John Murphy believes the camp has discredited a worthy cause.
"There's no discussions with them," he said. "We've tried every means to get them to reduce the size of the camp or make it more aesthetically pleasing but there's no give with them. It seems like these are serial protesters and if it isn't the oil or trees of whatever it'd be something else. I actually don't think they've done much good."
Said 21-year-old Padraig Loughran, a protester from Trim, Co Meath, in the kitchen area of the Occupy camp: "For the first three months I pretty much stayed here constantly.
"I've gone away now doing other things," he explained, "but I come back every now and then and check in. The movement is much bigger than the camp itself, the camp is a statement and must remain so as a permanent statement and as a permanent raising of awareness."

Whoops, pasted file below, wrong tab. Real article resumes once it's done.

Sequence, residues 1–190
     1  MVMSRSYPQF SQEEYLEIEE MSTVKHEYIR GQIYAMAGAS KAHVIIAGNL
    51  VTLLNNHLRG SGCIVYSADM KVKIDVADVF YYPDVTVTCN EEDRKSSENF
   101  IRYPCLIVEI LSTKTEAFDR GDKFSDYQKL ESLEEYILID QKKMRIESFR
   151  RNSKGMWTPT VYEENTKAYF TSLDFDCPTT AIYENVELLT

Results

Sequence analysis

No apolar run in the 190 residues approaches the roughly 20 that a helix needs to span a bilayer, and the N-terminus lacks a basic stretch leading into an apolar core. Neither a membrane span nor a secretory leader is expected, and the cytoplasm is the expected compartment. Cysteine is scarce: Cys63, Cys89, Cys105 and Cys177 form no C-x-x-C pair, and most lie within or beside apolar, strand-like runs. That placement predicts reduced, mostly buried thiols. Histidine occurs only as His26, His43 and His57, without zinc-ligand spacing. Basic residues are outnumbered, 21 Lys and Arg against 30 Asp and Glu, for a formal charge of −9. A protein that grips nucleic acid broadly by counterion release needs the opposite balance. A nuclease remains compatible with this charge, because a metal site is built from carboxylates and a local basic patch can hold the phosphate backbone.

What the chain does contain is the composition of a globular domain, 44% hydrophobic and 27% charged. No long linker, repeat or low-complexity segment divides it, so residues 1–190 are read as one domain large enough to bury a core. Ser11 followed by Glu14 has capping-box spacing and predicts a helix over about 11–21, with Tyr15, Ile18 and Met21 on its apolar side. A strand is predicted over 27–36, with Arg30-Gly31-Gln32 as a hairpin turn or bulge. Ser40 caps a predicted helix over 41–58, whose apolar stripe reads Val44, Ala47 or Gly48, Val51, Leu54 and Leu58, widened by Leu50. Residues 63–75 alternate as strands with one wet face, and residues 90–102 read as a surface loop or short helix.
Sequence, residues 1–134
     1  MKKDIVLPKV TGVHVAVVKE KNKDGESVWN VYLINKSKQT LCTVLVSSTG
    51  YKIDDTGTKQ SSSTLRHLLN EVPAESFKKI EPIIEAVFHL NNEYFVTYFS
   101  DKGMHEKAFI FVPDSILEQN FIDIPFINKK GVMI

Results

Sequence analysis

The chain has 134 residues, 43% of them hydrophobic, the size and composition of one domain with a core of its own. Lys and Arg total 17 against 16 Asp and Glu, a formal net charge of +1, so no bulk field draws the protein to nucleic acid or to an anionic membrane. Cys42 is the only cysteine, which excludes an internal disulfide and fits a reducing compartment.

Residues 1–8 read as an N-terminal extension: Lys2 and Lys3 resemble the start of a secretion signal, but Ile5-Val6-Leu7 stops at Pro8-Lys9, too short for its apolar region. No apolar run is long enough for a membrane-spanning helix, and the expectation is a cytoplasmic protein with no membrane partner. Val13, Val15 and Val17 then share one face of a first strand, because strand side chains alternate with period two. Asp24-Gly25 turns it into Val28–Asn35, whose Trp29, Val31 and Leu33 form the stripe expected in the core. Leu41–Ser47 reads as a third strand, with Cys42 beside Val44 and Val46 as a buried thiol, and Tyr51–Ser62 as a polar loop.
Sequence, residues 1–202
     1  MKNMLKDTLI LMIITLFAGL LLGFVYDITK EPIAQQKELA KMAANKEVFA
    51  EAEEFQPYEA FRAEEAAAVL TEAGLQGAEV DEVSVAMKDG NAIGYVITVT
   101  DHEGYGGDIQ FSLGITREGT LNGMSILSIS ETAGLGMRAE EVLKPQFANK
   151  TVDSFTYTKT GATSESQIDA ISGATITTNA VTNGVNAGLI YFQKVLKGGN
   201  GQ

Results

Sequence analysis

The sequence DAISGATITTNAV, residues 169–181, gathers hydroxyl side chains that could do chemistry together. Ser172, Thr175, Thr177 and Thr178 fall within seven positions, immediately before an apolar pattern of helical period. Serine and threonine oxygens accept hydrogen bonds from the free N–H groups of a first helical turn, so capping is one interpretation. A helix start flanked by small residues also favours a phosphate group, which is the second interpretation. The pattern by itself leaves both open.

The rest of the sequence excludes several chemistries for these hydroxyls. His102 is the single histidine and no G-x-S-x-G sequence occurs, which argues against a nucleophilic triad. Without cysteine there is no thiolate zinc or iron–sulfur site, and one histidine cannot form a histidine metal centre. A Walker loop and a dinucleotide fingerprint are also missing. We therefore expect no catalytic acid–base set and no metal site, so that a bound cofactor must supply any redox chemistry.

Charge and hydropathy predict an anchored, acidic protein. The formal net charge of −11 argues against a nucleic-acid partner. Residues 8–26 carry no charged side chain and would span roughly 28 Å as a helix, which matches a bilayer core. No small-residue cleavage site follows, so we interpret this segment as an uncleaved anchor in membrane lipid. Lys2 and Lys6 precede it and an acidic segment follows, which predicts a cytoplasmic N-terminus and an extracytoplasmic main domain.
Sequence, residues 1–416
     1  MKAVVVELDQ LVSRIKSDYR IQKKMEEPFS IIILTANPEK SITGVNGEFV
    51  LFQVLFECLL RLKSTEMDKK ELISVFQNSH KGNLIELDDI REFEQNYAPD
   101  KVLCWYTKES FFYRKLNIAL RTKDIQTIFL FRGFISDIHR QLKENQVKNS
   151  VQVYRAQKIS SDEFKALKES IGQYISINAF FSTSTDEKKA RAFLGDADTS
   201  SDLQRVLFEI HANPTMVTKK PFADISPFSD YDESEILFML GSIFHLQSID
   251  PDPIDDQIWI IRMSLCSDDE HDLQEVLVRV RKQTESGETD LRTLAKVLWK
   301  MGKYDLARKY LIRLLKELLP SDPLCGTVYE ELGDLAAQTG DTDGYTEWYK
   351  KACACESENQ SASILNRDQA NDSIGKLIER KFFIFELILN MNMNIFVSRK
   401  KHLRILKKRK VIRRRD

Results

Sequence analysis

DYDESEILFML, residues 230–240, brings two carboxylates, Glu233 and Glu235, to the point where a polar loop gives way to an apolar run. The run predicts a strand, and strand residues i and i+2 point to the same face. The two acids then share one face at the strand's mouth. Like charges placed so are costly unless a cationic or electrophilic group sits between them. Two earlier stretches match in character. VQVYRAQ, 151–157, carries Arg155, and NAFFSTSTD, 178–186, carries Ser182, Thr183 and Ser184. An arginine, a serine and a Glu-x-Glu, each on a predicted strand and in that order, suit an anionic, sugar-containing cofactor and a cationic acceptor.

Asked if he's worried that jobs may be lost as a result of the camp, Loughran, who studied acting for two years, replied: "I can understand where they're coming from, but when one gentleman first came to us with his grievances, a member from the camp went over and had a look at his books and had a talk with him and you know, you're in the middle of a recession! You're charging €16.50 for a hair cut! Your business isn't really going to boom! Whether or not that's a direct cause of us, I don't personally think so. No."